Despite Medicare’s coverage of mental health services, gaps remain that may leave beneficiaries with out-of-pocket expenses. Fortunately, options exist to help cover these gaps.

Individuals may consider additional coverage, either a Medigap or a Medicare Advantage plan, to address these cost-sharing expenses.

Medicare Supplement Plans (Medigap)

While Medigap plans do not cover mental health services directly, they can help with out-of-pocket costs including deductibles, copayments, and coinsurance associated with Part A and Part B. Medigap plans are secondary to Medicare, so Medicare will pay first for approved services and Medigap plan will pay second.

There are ten different Medigap plans available, all with varying levels of coverage. The top two most popular Medigap plans currently are Plan G and Plan N. These two plans are favored the most because they offer a great deal of coverage for Part A and Part B cost-sharing.

For example, if someone has Medicare and Plan G, they will have no out-of-pocket costs for Medicare-approved services once they meet the annual Part B deductible.

Medicare Advantage Plans (Part C)

Medicare Advantage plans are another option for people to consider. Unlike Medicare, private insurance carriers offer advantage plans. This means that people who enroll in an Advantage plan receive all their medical care through that plan. Instead of Medicare Part A and Part B.

Cost-sharing with Advantage plans works differently than Medicare Part A and Part B. These plans decide what they will charge for approved services, including monthly premiums, deductibles, copayments, and coinsurance.

The costs they set can be more cost-effective for some people than the costs with Medicare. However, beneficiaries should check each Advantage plan carefully, as the costs will vary from plan to plan.

These private insurance plans can also offer additional benefits beyond original Medicare, including coverage for mental health services. Many Medicare Advantage plans include prescription drug coverage and may offer more extensive coverage for mental health medications.

Medicare Prescription Drug Plans (Part D)

Medicare Part D plans provide coverage for prescription medications, including antidepressants, antipsychotics, anticonvulsants, and more. Beneficiaries can choose a Part D plan that covers their specific medications.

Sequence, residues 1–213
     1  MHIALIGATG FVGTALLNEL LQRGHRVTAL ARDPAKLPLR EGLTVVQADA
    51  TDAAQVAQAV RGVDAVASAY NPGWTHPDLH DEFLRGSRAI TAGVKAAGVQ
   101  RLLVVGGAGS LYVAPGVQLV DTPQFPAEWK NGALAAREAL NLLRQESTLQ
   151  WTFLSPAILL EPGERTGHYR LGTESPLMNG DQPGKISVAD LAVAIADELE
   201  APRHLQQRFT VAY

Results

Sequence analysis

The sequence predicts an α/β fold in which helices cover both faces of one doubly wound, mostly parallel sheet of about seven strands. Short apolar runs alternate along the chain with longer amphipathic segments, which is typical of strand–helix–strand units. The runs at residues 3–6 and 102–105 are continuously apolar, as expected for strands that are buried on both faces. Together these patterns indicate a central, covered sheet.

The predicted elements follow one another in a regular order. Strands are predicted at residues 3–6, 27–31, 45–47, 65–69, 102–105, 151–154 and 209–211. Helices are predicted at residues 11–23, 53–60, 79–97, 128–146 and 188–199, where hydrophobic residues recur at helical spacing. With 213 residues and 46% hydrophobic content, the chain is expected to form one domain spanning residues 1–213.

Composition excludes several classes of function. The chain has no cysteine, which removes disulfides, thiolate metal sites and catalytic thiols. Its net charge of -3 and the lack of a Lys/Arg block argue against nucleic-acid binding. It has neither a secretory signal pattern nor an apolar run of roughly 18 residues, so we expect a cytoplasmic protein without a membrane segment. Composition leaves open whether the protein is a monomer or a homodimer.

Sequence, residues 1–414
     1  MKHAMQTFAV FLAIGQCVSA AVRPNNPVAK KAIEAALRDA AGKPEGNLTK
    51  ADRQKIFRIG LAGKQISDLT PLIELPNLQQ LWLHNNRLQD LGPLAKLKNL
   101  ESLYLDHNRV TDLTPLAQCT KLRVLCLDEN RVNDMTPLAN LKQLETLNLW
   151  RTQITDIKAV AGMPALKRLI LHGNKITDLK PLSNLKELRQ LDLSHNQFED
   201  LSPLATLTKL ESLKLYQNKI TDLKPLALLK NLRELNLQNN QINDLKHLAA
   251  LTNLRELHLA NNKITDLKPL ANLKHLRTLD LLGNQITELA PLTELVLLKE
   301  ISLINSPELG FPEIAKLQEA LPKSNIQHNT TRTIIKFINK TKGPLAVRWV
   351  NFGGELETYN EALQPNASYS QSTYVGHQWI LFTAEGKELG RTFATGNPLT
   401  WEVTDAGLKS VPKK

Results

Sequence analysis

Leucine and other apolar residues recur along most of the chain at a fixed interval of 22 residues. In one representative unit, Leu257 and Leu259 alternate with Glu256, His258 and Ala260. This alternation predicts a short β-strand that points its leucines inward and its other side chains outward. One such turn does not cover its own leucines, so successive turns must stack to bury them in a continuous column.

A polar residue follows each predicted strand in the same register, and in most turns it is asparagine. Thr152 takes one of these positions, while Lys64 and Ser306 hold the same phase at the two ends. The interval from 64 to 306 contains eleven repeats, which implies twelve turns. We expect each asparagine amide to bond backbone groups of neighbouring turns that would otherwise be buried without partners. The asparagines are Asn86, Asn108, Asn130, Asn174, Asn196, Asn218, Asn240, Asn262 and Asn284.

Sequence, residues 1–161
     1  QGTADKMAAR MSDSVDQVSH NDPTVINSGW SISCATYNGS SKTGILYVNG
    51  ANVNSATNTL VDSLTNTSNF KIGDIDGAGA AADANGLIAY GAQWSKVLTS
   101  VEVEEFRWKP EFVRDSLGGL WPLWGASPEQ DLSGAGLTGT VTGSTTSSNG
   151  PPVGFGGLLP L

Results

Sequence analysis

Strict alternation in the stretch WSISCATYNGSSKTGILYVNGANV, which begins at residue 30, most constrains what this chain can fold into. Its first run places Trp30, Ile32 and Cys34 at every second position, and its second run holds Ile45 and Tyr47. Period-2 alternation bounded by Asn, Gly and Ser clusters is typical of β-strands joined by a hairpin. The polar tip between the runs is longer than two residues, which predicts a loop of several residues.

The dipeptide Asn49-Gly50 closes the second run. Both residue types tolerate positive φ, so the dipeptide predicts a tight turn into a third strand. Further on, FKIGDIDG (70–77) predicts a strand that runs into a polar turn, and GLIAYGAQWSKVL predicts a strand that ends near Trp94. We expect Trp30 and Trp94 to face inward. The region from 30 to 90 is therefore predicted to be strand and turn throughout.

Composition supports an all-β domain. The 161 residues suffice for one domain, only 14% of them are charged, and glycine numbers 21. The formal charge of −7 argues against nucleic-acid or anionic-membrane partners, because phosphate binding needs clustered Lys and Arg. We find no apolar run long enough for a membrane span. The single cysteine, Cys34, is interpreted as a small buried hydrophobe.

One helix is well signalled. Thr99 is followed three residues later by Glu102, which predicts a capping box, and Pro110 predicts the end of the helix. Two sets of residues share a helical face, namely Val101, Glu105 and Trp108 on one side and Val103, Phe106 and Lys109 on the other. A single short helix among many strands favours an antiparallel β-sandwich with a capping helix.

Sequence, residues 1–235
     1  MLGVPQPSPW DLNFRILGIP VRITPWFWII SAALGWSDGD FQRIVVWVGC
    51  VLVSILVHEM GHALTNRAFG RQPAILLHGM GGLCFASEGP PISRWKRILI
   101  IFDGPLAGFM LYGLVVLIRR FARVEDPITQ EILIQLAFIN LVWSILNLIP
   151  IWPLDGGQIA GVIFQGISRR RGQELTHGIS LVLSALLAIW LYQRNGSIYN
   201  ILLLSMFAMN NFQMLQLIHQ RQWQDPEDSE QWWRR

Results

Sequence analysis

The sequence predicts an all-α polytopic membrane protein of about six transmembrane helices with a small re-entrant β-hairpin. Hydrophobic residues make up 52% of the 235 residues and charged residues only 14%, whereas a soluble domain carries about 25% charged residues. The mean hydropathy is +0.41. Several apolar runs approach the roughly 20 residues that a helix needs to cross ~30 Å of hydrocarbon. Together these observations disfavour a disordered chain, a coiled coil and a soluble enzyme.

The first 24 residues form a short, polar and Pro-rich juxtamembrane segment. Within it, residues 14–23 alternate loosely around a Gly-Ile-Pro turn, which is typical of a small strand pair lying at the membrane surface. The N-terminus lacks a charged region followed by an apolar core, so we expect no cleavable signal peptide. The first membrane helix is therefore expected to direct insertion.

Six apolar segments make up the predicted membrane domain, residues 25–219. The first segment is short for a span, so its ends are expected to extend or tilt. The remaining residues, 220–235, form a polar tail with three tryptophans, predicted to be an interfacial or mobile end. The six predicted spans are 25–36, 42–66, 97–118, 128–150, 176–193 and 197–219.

However, each Part D plan has a different list of covered medications called a drug formulary. Medicare beneficiaries should check each plan’s formulary to see if their medications are covered before enrolling in a particular plan.


In conclusion, basic Medicare does provide coverage for mental health services, including both inpatient and outpatient care. However, beneficiaries should be aware of the limitations, cost-sharing requirements, and coverage gaps associated with Medicare’s mental health coverage.

Exploring additional coverage options, such as Medicare Advantage plans, Part D prescription drug plans, or Medigap policies, can help individuals ensure comprehensive coverage for their mental health needs. Beneficiaries should review their options carefully and choose the plan that best meets their unique healthcare needs and budget.

Mark Macznik

Mark Macznik

Mark Macznik is a dedicated writer with a passion for promoting oral health and well-being. With a background in dentistry and a deep understanding of the importance of dental hygiene, Mark has consistently contributed insightful articles that empower readers to take control of their dental care. His expertise in the field is evident through his comprehensive research and his ability to break down complex dental concepts into accessible, actionable advice. Mark's commitment to spreading awareness about proper dental practices shines through in his writing, making him a trusted source for anyone seeking to enhance their oral health. When he's not busy crafting informative articles, Mark enjoys outdoor activities, photography, and spending quality time with his family.